As President Barack Obama made his health care speech Wednesday night, U.S. Rep. Frank Lucas was watching for signs of compromise.
“I hope he will announce he is backing away from the bill as proposed in the House. The reason is my constituents told me in the strongest of tones, by overwhelming margins, they don’t want the federal government taking over health care in this country,” Lucas said.
House Speaker Nancy Pelosi is insisting a public or government option be in the bill or she will not allow it a House vote, he said. However, after the August recess he does not think there are votes in the House to pass it.
“If he (Obama) backs away from the public option, it may pass,” he said.
Lucas prefers a concept by U.S. Sen. Tom Coburn, R-Okla., who is a medical doctor. That proposal establishes a tax credit similar to the earned income credit, where the refund can be used to purchase health care. Lucas is aware some people cannot afford health care and cannot access it, but the bill in the U.S. House does more harm than good, he said. It also is projected to cost $1.6 trillion, which Lucas said the United States cannot afford.
Even if Obama proceeds with his current proposal, but without a public option, Lucas will still vote against it. He said it could be forced through the House, but not the Senate.
“I won’t vote for the present version of the bill and I don’t believe it will get to his desk,” he said.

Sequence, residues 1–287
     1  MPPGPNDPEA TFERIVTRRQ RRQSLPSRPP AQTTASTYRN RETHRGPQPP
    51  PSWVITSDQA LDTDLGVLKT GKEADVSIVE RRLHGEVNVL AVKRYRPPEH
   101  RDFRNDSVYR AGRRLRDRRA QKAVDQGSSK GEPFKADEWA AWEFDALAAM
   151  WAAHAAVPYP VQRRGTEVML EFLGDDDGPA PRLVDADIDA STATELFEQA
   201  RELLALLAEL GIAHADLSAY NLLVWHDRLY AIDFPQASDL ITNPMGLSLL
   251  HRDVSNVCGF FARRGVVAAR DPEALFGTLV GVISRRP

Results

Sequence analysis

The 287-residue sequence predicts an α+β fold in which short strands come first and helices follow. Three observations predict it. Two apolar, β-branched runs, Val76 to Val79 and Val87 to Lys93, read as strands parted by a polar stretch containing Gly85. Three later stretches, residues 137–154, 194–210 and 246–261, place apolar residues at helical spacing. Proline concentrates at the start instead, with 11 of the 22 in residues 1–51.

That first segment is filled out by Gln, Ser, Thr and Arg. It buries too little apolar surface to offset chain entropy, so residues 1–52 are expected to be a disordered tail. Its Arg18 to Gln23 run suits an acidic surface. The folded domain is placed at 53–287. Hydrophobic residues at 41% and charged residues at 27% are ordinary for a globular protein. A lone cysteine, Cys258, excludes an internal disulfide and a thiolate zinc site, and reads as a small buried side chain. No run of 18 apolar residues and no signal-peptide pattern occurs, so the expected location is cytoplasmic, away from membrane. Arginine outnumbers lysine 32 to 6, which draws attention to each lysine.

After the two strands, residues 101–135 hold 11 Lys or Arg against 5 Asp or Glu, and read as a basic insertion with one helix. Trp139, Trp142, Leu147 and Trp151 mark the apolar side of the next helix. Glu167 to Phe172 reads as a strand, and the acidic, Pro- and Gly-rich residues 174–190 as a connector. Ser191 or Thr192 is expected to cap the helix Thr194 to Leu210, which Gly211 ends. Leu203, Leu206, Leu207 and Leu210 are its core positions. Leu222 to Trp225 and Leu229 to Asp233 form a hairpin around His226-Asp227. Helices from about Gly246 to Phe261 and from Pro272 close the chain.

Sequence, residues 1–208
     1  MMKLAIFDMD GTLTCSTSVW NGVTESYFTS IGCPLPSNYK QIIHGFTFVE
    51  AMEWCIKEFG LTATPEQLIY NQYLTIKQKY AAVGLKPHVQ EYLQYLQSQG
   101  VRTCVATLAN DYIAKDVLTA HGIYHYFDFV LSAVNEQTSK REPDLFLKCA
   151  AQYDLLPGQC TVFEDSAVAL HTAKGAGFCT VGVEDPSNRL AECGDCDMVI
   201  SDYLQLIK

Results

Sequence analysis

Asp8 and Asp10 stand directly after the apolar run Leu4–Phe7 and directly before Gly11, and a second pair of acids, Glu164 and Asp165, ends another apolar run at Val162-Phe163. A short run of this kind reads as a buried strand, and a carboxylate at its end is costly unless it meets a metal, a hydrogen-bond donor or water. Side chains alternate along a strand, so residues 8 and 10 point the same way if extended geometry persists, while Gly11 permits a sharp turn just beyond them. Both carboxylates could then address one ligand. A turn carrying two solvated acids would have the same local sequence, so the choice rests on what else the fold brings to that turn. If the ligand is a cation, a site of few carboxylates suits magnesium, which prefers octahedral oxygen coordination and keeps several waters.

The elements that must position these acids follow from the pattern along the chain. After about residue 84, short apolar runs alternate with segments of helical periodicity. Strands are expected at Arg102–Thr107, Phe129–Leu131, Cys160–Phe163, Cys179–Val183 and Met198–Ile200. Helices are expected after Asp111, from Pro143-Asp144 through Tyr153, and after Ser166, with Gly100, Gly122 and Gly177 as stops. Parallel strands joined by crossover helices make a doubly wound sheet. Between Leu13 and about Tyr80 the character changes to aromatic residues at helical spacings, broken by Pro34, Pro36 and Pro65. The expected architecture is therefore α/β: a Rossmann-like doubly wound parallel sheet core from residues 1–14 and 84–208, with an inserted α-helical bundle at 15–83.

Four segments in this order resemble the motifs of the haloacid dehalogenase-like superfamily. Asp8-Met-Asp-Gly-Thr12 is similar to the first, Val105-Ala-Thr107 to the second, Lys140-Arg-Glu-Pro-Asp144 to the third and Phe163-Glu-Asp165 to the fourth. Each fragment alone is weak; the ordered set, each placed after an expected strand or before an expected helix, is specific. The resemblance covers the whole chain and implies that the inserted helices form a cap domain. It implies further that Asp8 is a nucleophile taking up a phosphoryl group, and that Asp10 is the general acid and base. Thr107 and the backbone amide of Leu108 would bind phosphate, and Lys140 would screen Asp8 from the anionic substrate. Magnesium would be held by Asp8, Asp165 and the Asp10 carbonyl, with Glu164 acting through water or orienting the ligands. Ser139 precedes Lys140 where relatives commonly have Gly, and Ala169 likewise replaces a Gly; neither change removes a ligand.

One of the health care problems that has not been addressed, according to Lucas, is tort reform. The legal issues force the costs of medical care up because doctors and hospitals order more tests than necessary because they want to avoid lawsuits. He admitted there needs to be more transparency in the industry and more competition that will improve efficiency. He has not found any of those proposals in the present House bill. Lucas said the Senate will put the final stamp on the health care bill and he does not think there are enough votes to pass it as it stands.
The House of Representatives voted the bill out of committee, but could not pass it before Congress recessed for the August vacation. The U.S. Senate still is discussing the bill in the finance committee where a gang of conservatives, Republicans and Democrats, have held up the bill.
“This is where the president decides his own domestic agenda’s fate. If he remains hard with the Pelosi and Waxman bill, it won’t succeed. If he is willing to compromise, he might get something passed. He decides his own fate tonight with his words,” Lucas said.
Following Obama’s health care reform speech, Lucas shared his reaction to the address.
“If there is one thing that I heard loud and clear from my constituents during the 18 town halls I held throughout my district in August, it is that they dissatisfied with the pieces of health care legislation currently before Congress. Yet, after listening to the president’s speech this evening, it has become clear that he plans to continue to disregard what the American people want and push for government-run health care,” said Lucas. “We need to get back to the drawing board on health care reform. There are legitimate needs when it comes to health care reform – cost, access and a solution for the millions of uninsured Americans – but we need to focus on improving the efficiency of the system we already have in place. Forcing the unpopular and controversial public option without bipartisan support on an unwilling public is not the way to make long-term, successful law.”